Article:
AirAsia India sacks whistleblower pilot Gaurav Taneja

Taneja had alleged violations of safety norms by the low-cost airline

gaurav-taneja-airasia Gaurav Taneja was suspended by AirAsia for calling out the alleged violations

A day after aviation regulator DGCA issued a show cause notice to Manish Uppal, AirAsia India's Head of Operations, the airline has sacked whistleblower pilot Gaurav Taneja. The move comes two weeks after Taneja, who runs a popular YouTube channel called Flying Beast, alleged violations of safety norms by the low-cost airline. 

According to media reports, the pilot was sacked on June 26, days after he was suspended for publicly alleging safety violations at the airline. The action reportedly happened on disciplinary grounds, whereby the airline followed due procedure. Taneja, a popular Youtuber, tweeted on June 14 that he has been suspended by AirAsia India "for standing up for safe operations of an aircraft and its passengers". 

On June 15, he posted a detailed video on YouTube titled "Reasons behind suspension from my pilot job". Taneja alleged in the video that the airline has asked its pilots to do 98 per cent of landings in "Flap 3" mode, which allows it to save fuel. He said if a pilot does not do 98 per cent of landings in "Flap 3" mode, the airline considers it a violation of its standard operating procedure (SOP).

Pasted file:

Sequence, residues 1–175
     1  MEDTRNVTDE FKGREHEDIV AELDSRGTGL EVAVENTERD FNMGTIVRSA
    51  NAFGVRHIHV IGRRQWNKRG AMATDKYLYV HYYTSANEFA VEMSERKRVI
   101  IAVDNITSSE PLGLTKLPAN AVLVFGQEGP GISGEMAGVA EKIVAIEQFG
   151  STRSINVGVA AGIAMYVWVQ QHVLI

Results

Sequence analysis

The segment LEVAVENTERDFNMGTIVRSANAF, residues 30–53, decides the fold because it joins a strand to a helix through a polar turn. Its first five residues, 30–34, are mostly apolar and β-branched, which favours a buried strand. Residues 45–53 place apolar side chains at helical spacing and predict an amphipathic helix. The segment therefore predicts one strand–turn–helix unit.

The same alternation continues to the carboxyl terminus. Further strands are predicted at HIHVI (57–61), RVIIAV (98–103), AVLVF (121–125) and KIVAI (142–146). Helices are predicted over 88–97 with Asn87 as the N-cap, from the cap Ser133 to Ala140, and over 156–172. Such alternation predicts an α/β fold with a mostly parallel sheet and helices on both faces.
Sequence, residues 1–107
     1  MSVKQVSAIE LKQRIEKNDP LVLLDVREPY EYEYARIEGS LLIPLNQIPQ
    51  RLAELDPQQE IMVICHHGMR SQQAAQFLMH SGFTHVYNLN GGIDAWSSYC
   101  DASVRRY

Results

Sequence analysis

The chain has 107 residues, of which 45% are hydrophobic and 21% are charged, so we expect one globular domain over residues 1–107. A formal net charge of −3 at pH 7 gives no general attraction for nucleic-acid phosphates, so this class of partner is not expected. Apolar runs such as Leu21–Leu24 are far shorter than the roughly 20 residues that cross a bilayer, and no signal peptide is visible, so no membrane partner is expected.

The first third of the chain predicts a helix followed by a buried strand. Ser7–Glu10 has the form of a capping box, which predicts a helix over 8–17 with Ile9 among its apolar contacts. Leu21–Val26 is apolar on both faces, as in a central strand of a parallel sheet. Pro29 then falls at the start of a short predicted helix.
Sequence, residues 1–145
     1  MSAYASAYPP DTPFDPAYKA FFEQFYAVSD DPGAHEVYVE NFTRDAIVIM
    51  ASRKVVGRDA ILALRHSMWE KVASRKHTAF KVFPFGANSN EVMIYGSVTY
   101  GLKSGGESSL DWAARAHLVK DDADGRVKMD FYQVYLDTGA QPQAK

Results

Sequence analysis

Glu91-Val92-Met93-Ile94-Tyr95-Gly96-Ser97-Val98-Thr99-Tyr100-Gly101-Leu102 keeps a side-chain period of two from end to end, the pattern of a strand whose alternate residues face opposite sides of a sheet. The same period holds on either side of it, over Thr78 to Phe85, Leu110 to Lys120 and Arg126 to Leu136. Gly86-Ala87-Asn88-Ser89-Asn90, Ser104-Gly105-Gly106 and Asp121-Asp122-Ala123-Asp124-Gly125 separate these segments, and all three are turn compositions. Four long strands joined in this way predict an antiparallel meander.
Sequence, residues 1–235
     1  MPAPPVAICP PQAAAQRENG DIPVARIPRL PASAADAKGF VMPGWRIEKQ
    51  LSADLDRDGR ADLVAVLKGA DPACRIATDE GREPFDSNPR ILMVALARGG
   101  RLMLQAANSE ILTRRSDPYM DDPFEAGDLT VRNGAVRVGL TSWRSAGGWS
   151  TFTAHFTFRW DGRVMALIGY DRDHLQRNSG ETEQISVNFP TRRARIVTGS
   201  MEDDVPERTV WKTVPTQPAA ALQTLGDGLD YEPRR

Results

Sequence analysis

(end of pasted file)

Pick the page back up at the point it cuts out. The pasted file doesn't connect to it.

Flaps are part of wings of an aircraft and they are engaged to create a drag during a landing or a take off. Taneja gave the example of Imphal airport, where the plane descends more steeply as compared to other airports when approaching for landing. He said when an aircraft is coming down steeply, it needs to have a drag so that it remains slow, and in these circumstances a pilot has to do a "Flap full" landing.

"In order to achieve targets, what would people do? They will do Flap 3 landings without giving consideration whether it is safe or unsafe. This directly impacts the passenger safety," he said in his YouTube video. If something happens during a Flap 3 landing, then the question would be asked to the pilot if he or she cares more about saving fuel or 180 passengers' lives, Taneja had said.

On June 15, the Directorate General of Civil Aviation (DGCA) said on Twitter that it had taken note of the concerns raised by some stakeholders "against a particular airline and its approach to safety".